Then there was the second painting. It would have been paired on an altar with a painting of the Archangel Gabriel announcing the dramatic news to Mary. Cavallino has painted this work so wonderfully. He uses highlights to emphasis his message. The light falls onto Mary’s face. Her expression is somber, and I think the red around her nose indicates that she has been crying. This is not the usual portrayal of the Annunciation, which show Mary ecstatic and filled with joy. Instead she is a young woman who has just received some overwhelming news. She is human, her emotions are real.

However, her hands are also highlighted. They are held in a position that shows acceptance, acceptance of the news from Gabriel. For me, it is a very moving painting. She   is challenged but also courageous and dignified.

I am so glad that Julia made me really look at these two paintings.

11 replies on “Ahhh, the National Gallery of Victoria (NGV)”

I love the NGV’s general collection, and we try to spend time there when we are in Melbourne, which isn’t often enough. The 2 foyer pieces are extraordinary… love the bowls… but different… I agree with you about the deer being disturbing… I got a cold shiver as I looked at it.
That’s the thing you need with the NGV, and any good gallery is time to wander, and also utilise the benefits of the guides. The 2 Virgin Mary paintinsg are lovely, and despite having an affection for religiouc iconography, I think I prefer the second realer representation. Great post 🙂


Thanks EllaDee. 🙂 I agree about the two Madonna paintings. The first was beautiful and serene, but the human aspect of the second resonated with me.

And the deer….I kept thinking of carbuncles and boils! Do you get to the gallery in Sydney very often? It is ages since I have been there, and, honestly, have forgotten what treasures are there.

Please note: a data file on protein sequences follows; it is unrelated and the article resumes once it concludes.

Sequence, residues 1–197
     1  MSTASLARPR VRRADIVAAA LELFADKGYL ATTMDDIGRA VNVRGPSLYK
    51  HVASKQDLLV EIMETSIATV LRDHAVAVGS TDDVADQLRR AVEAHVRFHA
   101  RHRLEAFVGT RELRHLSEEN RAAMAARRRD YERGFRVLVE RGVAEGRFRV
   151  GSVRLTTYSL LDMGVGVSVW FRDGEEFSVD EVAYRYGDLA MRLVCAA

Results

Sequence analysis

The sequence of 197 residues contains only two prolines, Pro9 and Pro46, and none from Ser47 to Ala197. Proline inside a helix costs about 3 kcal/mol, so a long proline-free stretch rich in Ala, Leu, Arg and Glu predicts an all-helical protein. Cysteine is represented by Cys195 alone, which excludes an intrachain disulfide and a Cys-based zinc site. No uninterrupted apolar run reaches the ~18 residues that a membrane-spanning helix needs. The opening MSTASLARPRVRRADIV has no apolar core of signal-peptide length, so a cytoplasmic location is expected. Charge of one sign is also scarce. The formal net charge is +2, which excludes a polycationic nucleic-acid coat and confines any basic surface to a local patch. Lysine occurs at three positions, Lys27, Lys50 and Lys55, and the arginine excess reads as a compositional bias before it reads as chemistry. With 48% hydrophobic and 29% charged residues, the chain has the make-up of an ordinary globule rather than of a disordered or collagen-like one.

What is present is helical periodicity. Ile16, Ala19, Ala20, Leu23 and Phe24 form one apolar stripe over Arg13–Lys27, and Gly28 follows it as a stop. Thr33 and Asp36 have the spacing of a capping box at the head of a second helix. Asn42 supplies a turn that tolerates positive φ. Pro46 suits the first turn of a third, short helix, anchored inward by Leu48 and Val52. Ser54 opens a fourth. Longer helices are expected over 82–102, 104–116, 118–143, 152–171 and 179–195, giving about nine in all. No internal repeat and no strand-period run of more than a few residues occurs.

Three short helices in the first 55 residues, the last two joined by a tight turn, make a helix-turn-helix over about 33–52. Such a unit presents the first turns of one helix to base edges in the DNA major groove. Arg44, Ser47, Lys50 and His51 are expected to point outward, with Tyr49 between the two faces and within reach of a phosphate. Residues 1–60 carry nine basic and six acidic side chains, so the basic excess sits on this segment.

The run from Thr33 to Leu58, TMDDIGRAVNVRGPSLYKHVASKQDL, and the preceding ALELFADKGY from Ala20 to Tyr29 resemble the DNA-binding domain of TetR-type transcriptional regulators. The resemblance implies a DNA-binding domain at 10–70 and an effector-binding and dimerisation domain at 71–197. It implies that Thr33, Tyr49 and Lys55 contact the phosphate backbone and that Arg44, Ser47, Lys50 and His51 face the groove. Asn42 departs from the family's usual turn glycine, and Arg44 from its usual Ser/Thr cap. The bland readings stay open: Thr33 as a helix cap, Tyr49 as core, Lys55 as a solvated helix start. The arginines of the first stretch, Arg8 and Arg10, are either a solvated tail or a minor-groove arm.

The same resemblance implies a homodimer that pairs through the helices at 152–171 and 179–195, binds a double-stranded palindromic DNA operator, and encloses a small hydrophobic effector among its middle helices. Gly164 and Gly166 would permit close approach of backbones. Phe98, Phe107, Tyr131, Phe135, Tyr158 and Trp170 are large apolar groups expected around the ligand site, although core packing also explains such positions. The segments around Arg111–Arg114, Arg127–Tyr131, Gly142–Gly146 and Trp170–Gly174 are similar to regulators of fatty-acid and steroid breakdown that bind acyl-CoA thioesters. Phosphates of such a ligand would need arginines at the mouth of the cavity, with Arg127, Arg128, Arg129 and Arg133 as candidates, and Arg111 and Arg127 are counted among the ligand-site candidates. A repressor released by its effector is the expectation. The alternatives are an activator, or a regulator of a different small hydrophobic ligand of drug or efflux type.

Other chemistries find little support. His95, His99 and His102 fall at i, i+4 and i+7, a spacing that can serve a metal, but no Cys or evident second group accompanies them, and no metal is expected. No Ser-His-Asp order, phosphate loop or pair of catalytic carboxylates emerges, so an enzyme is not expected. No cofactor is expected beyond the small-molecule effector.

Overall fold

It’s ages since I went to the Sydney art gallery also. My friend who lives in Canberra and I usually go if there’s a big travelling exhibition but I don’t find the permanent works as attractive as Melbourne’s. I may wander by and see what’s new 🙂


You are right Anne our gallery is a true treasure. I too was mesmerised on Monday by the floating bowls. I had to take a movie to capture the beautiful sounds, it is so contemplative and the brilliant blue so stunning. A great installation. Thank you for your discussion on the Madonna’s, very interesting.


I was also fascinated by the number of people who just sat, watching, listening. Even the groups of school kids. I smiled to myself as I watched a teacher move children away from the edge of the pond. They really didn’t want to go, but I could see her thinking that one of them might break one of the bowls! (That was me, in a past life!!)


Compliments, Anne, especially for the comparison between the two Madonnas. Yet, I doubt that Cavallino’s masterpiece “would have been paired on an altar with a painting of the Archangel Gabriel announcing the dramatic news to Mary”. If we compare it with another famed “Virgin Annuciate”, by Antonello da Messina in Palermo, Sicily, we might rather guess that the announcing angel has been cut off. Mary’s “problem” is an early modern loneliness.